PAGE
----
NY1 For You: Raccoon Problem Pushes Brooklyn Couple To The Brink
Some raccoons are making life for residents in one section of Brooklyn very uncomfortable. NY1’s Susan Jhun has the details in the following NY1 for You report.
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Whether it's the fresh tomatoes in their thriving garden or the booming construction in their Greenwood Heights neighborhood, Aaron Brashear and Mic Holwin say something is attracting these crafty raccoons to their home.
“There could be 10 or 15 in a busy night, and that’s just [our home] in these two or three houses,” says Brashear. “Folks up the block have a completely different group of raccoons that they’re dealing with.”
The couple says the raccoon population seems to have grown in numbers and boldness since last summer.
“There’s claw marks all the way down the screens, and we see that there’s paw prints,” Brashear says.
“You know, there’s only a very thin mesh separating you from an animal that wants to come in and is carrying all sorts of nasty things,” says Holwin.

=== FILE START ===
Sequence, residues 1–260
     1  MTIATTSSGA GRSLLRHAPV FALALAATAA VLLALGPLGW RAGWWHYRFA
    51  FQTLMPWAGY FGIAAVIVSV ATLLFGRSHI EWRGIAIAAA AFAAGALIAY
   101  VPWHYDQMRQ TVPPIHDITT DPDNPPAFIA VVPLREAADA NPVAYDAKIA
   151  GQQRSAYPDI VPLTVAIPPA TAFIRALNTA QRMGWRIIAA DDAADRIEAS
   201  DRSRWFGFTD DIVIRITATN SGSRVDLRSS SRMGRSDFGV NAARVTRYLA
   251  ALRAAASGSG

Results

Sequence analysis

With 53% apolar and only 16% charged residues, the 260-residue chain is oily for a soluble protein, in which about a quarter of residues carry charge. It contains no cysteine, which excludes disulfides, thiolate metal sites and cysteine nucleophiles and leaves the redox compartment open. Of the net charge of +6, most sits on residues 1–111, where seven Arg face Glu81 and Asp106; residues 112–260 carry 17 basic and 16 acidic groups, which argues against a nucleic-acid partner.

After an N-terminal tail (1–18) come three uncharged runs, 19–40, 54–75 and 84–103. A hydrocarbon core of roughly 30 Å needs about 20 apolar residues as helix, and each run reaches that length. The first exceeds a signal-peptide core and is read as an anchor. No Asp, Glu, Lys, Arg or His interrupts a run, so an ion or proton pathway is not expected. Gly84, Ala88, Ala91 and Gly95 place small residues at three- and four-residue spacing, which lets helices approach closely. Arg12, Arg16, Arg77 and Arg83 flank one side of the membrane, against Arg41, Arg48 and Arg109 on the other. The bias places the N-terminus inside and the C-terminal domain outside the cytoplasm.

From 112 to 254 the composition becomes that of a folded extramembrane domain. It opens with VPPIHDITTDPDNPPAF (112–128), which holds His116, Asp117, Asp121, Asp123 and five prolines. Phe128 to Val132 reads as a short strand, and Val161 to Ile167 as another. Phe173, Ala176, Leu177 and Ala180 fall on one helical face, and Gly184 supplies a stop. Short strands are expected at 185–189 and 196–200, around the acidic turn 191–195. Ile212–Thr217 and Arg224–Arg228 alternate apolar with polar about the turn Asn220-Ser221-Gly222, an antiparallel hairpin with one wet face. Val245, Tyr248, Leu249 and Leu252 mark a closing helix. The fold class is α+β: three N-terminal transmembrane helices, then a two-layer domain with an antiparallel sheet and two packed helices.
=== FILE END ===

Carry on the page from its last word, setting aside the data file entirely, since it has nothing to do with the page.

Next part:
Among the “nasty things” raccoons can carry are rabies and roundworm, which is found in the feces.
“On a percentage level from one to 10, last year would have been somewhat of a four, now it is close to a seven,” says Giovanni Danesi of Critter Ridder of New York.
The couple hired trapper Danesi at considerable cost to them since the city offers no assistance in catching the intruders.
“There’s no resource available unless the animal seems to be rabid, and at that point, you’re calling 911 and wasting those resources,” says Brashear.
“If you call 311, doesn’t matter, they’ll say hire a trapper, which is what we did,” adds Holwin. “We’re putting this on credit cards, we don’t have the money.
NY1 called The Department of Health, which released the following statement:
"Wildlife is a feature of every habitat, including New York City, and raccoons naturally live in the wooded areas of the city. Nuisance
raccoon complaints generally increase in the summer and the Health Department is receiving the usual number of complaints received this time of year. If a resident considers a raccoon on their property to be a nuisance, they should contact a licensed private trapper to remove it."
The typical response which Brashear says ignores the serious, growing problem of urban raccoons.
The couple hopes the city will consider subsidizing a program to trap the raccoons and educate New Yorkers on the increasing threat.
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